I talked a little bit about aligning goals in the post about motivation. However, I wanted to go into this topic in a little more depth and explore strategies about aligning goals.
Goal alignment is a necessary step to forming an organization and based on reciprocity. To me reciprocity is what drives business.
Your product or service has to add value to someone (a client, consumer, or partner) sufficiently where they give something to you in return.
That said, the team members in your organization have different needs. Primarily, your employees need a salary, a culture where they feel like they belonging, covered benefits (i.e. health care, dental, etc.), and a path to learn and grow both personally and professionally.
As a business leader you have to communicate your vision if you want to align people to it. However, before you communicate it you have to be clear yourself what exactly that is and ideally written down. Your vision should be simple and easy to understand. Additionally, it should be long term and an ideal that you can always strive towards as if you have a short term vision then you have to continuously update it or change course which would be confusing to yourself as well as everyone involved.
So, this may conceptually make sense but what are some examples of this in practice?
For example, Google’s vision is “to provide access to the world’s information in one click.” and their mission is “to organize the world’s information and make it universally accessible and useful.”
Then organizationally they align their strategies and activities to that vision and mission. To put it a little simpler their main offering is an algorithm that allows an end user to search for basically anything that they want which they’ve either collected on their servers or connected to. In return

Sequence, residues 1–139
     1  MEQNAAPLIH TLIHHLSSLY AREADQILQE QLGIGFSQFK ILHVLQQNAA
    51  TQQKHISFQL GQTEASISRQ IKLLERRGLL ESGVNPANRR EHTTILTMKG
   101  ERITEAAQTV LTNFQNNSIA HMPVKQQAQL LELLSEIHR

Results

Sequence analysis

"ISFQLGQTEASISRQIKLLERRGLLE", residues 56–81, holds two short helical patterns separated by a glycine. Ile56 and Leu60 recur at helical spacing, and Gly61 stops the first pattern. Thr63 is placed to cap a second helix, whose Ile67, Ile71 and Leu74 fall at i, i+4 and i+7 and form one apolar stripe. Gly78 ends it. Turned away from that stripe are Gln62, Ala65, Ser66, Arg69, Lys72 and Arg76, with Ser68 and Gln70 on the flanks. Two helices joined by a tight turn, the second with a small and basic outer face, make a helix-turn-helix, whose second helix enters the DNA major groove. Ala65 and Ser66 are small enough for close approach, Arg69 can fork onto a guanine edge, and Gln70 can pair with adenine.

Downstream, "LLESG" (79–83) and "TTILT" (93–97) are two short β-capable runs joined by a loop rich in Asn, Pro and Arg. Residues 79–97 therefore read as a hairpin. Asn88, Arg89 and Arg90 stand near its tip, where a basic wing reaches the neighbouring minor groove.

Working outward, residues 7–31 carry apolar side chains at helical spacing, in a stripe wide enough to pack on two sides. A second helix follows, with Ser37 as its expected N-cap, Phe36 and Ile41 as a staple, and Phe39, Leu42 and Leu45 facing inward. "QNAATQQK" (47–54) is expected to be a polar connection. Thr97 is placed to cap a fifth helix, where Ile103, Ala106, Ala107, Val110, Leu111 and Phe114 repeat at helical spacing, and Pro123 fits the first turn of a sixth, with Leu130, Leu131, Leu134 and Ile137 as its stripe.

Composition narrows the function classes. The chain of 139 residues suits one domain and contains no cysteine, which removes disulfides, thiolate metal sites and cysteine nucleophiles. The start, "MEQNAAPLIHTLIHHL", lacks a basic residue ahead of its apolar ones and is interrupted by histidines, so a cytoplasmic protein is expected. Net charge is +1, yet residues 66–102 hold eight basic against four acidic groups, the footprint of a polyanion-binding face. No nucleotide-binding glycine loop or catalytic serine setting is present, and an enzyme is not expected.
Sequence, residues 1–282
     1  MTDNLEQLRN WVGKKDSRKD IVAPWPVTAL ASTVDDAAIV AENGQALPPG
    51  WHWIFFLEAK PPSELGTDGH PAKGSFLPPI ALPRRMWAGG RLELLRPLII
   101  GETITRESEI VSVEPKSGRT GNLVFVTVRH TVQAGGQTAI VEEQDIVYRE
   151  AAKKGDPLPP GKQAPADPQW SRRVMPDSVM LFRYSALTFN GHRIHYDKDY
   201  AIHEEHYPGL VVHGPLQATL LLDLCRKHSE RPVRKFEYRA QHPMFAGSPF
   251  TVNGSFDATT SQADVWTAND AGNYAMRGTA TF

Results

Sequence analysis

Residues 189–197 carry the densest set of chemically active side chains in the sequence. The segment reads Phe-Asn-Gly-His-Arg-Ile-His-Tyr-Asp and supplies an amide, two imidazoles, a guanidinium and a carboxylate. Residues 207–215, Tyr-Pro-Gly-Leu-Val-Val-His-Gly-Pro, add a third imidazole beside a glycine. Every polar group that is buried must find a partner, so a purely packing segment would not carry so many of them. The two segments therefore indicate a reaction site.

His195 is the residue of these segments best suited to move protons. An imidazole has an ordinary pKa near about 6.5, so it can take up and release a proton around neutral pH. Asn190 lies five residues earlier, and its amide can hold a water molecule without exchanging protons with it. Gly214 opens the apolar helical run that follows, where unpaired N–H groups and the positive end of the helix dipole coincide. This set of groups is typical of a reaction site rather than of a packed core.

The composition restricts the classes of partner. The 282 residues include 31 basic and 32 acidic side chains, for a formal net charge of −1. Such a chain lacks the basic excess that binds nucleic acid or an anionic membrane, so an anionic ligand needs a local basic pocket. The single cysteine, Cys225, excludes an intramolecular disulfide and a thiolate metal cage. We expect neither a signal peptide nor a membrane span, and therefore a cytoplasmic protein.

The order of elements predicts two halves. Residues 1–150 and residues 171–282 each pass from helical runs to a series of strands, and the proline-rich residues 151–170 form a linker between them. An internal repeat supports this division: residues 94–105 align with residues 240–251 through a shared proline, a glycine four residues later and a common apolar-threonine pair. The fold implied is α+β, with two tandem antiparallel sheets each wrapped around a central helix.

Google business model (Google Business, 2020)
This picture illustrates the interdependence between Users, Business, Publishers, and Google. Now privacy concerns aside that are currently the outrage of many these days, you’ll see here how each entity is getting value. People can search for just just about anything they need, publishers can monetize content that they are interested in, and businesses can get their ads and messaging to (hopefully) the right audience more often.
This sort of win-win for all parties involved is what you want to achieve and how you can take your business off the ground. However, to do that you need both a compelling offering that is differentiated from what is currently available, messaging about that offering, and consistently reach out to anyone within your market who will listen that would benefit from your offering.
Now this is great to do at a macro level. However, once you get your vision and mission down and determine how all the entities involved (clients, employees, and your organization) benefit from your vision and mission then it is best to talk with individuals on a micro level to get to understand specifically what their vision is for each of their lives or businesses and how your organization can give that to them. In return they will either pay you for your services or if they are employees give you their time and effort to help you achieve your vision.
This is an iterative collaborative process which to me makes your overall life better never mind your business. I find that when I adopt this mindset that the people I’m working with are more engaged and push you to achieve goals rather than you nagging them to to it. At first your vision may be vague and uninspiring and it may seem difficult to recruit help for your business venture but keep working on it. You’ll get there eventually if you keep moving forward.
So, then the next question that you may have once you have a visions, set goals, and get alignment from your team how do you know if you’re on track. You need systems and metrics to assess progress from your organizational activities whether they be sales or operations. CRM systems like Salesforce allow you to track opportunities, leads, accounts and contacts in their Sales Cloud and allow you to quantify the amount of activity that will take to get you to your revenue goals. In addition, it gives managers visibility to which accounts to focus on, notes about conversations in meetings and progress towards a sale, and it also allows an organization to standardize the criteria that an opportunity can be moved from one stage to another which means that resources are not wasted chasing under qualified opportunities.
I’ll be discussing how to manage and improve operations in another article later on.